Editorial Notes

Timing of Singapore PM's visit proves relations remain resilient: China Daily


Singapore Prime Minister Lee Hsien Loong (third from left) attends a meeting with Chinese President Xi Jinping (third from right) at The Great Hall Of The People in Beijing, China on Sept 20, 2017.
Singapore Prime Minister Lee Hsien Loong (third from left) attends a meeting with Chinese President Xi Jinping (third from right) at The Great Hall Of The People in Beijing, China on Sept 20, 2017. PHOTO: EPA

In its editorial on September 21, the paper says Prime Minister Lee Hsien Loong's recent visit is being seen as a sign that soured bilateral ties are recovering.

BEIJING (CHINA DAILY/ASIA NEWS NETWORK) - To everyone concerned about the recent vicissitudes in China-Singapore relations, Singapore Prime Minister Lee Hsien Loong's ongoing China visit, his first state visit since August 2013, is welcome, and it is being perceived as a sign that the soured bilateral ties are recovering.

After months of unease in their relations, the timing alone-before Lee's planned visit to the United States and the Communist Party of China's upcoming national congress-has bestowed Lee's visit with unusual symbolism, with many reading it as Singapore "repositioning" itself and recalibrating its strategic compass.

Singapore may have been seeking to try and weigh and balance relations with big countries, but a number of unpleasant episodes over the past year sowed rare discomfort between Beijing and Singapore.

These began with Singapore urging China to accept the Manila-initiated international "arbitration" over the South China Sea dispute, which Beijing rejected as being illegal and invalid, and culminated in Lee's eye-catching absence from the Belt and Road Forum for International Cooperation in May.

However, China-Singapore relations are resilient and they are able to weather such vicissitudes, in part due to the special thread of kinship between them-the majority of Singaporeans being of Chinese origin, a bond that determines a natural closeness.

And from a more utilitarian perspective, China is Singapore's largest trade partner and Singapore is China's largest source of foreign investment.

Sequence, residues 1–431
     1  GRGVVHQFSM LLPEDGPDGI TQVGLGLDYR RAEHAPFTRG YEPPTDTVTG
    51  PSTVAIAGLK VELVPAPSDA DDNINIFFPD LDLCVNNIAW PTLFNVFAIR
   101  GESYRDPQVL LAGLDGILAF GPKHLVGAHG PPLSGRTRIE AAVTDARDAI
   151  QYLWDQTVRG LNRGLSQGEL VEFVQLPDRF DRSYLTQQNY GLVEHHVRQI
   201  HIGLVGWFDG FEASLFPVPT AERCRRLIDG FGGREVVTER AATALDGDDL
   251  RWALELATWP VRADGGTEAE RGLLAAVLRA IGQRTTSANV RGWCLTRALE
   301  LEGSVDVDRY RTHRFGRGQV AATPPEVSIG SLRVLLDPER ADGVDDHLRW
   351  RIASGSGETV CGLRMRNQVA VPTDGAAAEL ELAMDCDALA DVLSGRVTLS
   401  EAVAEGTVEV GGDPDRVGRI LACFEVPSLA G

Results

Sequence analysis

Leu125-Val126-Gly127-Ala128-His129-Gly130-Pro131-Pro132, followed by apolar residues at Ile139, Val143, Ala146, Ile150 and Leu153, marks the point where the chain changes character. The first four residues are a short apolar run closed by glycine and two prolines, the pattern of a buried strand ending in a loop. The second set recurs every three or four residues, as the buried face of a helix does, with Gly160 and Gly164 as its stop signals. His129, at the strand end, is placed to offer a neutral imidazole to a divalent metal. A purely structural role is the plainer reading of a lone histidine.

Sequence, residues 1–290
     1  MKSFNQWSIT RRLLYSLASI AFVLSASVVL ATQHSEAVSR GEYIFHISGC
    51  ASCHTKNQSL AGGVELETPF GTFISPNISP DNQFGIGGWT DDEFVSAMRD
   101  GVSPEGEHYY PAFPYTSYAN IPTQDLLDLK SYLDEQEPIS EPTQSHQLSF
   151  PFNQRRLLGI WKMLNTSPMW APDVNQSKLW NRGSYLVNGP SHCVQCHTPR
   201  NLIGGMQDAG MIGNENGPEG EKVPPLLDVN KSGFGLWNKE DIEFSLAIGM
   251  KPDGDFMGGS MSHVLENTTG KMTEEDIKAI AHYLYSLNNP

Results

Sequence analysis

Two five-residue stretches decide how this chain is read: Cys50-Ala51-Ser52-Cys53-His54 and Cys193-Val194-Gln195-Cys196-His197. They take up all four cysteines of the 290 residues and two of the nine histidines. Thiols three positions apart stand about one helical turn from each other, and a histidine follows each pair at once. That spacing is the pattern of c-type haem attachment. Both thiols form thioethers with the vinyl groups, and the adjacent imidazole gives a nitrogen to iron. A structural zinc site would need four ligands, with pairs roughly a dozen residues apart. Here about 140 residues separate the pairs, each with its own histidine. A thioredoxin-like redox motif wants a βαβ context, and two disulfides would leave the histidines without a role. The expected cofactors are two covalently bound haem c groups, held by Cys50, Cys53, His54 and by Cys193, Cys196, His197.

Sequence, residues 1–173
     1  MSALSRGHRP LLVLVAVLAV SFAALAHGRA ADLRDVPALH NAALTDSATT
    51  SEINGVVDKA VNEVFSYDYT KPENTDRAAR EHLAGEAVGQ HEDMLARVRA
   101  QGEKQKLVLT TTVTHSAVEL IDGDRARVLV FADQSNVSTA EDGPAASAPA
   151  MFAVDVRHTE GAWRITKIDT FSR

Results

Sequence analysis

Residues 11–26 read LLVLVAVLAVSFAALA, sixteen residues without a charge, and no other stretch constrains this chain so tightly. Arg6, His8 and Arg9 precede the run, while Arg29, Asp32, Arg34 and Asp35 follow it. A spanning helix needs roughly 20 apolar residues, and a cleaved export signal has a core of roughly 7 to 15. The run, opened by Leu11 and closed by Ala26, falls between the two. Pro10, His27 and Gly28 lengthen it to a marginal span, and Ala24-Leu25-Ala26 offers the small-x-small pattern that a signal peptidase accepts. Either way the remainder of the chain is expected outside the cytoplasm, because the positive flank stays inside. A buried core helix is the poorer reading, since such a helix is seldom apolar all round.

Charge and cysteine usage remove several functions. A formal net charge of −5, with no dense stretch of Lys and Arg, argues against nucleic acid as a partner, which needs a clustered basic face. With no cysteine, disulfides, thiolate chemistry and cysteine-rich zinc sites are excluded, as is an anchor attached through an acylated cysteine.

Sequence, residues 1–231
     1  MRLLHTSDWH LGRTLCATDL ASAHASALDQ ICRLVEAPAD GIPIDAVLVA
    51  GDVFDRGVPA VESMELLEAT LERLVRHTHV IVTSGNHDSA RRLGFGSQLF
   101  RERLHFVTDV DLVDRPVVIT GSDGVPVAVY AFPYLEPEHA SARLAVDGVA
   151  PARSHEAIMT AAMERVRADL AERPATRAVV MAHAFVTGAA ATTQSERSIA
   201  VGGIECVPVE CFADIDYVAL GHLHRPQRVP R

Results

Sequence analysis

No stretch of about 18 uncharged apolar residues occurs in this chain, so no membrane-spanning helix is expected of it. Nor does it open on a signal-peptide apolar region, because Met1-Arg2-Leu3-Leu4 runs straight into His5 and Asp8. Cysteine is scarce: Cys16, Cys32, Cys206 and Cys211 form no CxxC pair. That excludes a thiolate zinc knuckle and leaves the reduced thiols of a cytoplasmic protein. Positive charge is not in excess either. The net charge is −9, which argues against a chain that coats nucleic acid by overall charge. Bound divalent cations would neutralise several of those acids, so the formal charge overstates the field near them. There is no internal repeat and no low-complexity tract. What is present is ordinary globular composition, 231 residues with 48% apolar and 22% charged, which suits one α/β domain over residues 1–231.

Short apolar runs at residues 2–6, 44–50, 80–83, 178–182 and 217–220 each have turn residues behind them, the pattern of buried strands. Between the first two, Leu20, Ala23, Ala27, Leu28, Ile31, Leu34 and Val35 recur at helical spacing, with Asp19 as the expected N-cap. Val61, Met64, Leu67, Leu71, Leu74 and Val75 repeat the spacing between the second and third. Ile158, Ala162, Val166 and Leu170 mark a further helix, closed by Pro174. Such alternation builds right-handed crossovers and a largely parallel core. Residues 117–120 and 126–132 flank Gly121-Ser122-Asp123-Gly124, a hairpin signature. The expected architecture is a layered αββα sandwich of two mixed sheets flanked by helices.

Singapore has helped China tremendously in its pursuit of development. The joint venture programs Lee is visiting in Xiamen, East China's Fujian province, are fine examples of their fruitful partnership. And China's pro-globalisation development initiatives, the Belt and Road in particular, will prove more than rewarding to Singapore should it choose to join in.

Singapore holds special significance to Chinese diplomacy not only because of its longstanding role as "middleman" between China and the West, but also because it is the current official coordinator of China-Asean relations, and will assume the presidency of Asean next year.

Right before coming to China, Lee said if overall relations are good, a steady stream of economic and trade cooperation projects will naturally ensue.

His visit is certainly helping to revive the two sides' previous strong rapport, and clearing the way for the said stream of mutually beneficial projects.

Yet although not widely reported, the fact is, high-level exchanges between the two sides have never stopped, and that, along with Lee's exchange of vows with his Chinese hosts to deepen political trust and upgrade economic cooperation, prove the foundations of bilateral ties are still sound and solid.


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